We also collected information on age, gender, education, immigration status, and region of residence. These factors were treated as potential confounders of the association between disability and employment quality. Age was collapsed into three groups: 18 to 34 years, 35 to 49 years, and 50 years or older. Gender was measured by asking respondents whether they identify as a man or as a woman. Education was operationalized using three categories: high school or less, some college or university, and college or university degree. Immigrant status was measured by asking respondents whether they were born in Canada. Region of residence was operationalized using four categories: Western Canada (i.e., British Columbia, Alberta, Saskatchewan, and Manitoba), Central Canada (i.e., Ontario and Quebec), Eastern Canada (i.e., New Brunswick, Newfoundland and Labrador, Nova Scotia, and Prince Edward Island), and Northern Canada (i.e., Yukon, Northwest Territories, and Nunavut). Western and Northern Canada were collapsed together due to a small number of participants from Northern Canada.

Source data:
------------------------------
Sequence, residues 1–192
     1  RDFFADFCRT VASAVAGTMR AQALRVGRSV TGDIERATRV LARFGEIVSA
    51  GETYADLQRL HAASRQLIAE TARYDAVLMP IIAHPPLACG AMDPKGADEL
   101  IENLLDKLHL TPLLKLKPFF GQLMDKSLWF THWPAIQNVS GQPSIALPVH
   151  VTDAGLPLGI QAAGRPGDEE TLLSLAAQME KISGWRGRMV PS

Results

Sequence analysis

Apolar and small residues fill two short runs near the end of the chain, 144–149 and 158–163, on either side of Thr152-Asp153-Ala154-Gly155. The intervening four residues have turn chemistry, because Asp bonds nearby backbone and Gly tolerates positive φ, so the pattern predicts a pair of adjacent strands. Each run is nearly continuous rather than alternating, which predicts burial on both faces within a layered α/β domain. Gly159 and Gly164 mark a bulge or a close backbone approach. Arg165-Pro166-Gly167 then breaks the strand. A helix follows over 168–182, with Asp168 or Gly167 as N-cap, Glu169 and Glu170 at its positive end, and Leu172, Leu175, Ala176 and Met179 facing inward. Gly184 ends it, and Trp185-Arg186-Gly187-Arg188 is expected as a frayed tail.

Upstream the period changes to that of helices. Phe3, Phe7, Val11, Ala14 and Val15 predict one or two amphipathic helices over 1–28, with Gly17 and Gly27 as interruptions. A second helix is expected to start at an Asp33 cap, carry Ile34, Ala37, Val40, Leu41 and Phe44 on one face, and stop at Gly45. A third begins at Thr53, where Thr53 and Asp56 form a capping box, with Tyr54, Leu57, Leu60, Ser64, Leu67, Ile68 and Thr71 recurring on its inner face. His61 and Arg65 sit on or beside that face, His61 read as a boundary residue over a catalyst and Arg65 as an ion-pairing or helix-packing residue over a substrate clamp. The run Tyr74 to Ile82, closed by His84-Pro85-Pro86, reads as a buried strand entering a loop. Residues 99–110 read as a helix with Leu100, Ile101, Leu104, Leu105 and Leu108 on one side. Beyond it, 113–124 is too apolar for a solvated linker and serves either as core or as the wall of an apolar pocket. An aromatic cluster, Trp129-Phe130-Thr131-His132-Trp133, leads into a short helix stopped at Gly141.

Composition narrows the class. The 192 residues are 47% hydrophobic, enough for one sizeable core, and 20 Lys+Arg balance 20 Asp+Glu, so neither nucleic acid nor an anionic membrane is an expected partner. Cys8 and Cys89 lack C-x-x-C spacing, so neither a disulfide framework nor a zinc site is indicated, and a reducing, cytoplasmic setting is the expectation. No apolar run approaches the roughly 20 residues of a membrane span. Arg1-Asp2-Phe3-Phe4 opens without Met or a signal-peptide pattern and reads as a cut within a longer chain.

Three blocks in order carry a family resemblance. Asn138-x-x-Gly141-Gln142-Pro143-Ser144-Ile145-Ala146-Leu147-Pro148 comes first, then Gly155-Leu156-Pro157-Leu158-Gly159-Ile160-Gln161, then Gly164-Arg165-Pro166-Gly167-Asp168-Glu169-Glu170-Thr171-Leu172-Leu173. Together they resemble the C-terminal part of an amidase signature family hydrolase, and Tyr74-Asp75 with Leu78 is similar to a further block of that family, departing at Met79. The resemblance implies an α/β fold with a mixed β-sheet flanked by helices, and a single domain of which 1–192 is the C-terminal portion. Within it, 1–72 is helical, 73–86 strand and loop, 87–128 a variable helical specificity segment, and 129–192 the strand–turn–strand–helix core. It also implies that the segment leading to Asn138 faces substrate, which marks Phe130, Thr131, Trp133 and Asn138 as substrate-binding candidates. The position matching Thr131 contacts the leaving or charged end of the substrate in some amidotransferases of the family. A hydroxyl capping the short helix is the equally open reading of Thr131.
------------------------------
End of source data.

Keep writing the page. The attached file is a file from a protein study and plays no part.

We calculated descriptive statistics to summarize the distribution of variables. Log binomial regression models examined associations between disability status, disability type, and individual employment conditions. We employed log binomial models instead of logistic models due to the poor interpretability of odds ratios with common outcomes – i.e., outcomes with point prevalence rates > 10%, such as those in the present study [33, 34]. Models were adjusted for age, gender, immigration status, and education. Persons without disabilities were chosen as the reference group. We used latent class analysis (LCA) to construct an empirical typology of overall employment quality, based on the individual dimensions included in the preceding step. LCA can reduce a heterogeneous sample of units into a smaller number of groups that are relatively homogeneous with respect to a given set of characteristics – in this case, employment conditions . We used LCA to place workers into distinct ‘types’ of employment, each characterized by a unique combination of employment conditions [26,27,28] To determine the most appropriate typology, we estimated multiple LCA models enumerating a progressively larger number of latent groups. To assess the adequacy of model solutions, we used formal fit indices – the Bayesian Information Criterion (BIC), the Akaike Information Criterion (AIC), and the Vuong-Lo-Mendell-Rubin (VLMR) likelihood ratio test – in combination with a substantive interpretation of the resulting outputs . Upon selection of the final typology, descriptive statistics summarized the distribution of individual employment conditions across employment quality types. We also summarized the prevalence of each employment quality type by disability status and disability type. Finally, we used multinomial regression models to examine associations between disability status, disability type, and employment quality. The models were adjusted for age, gender, education, immigration status, and region of residence.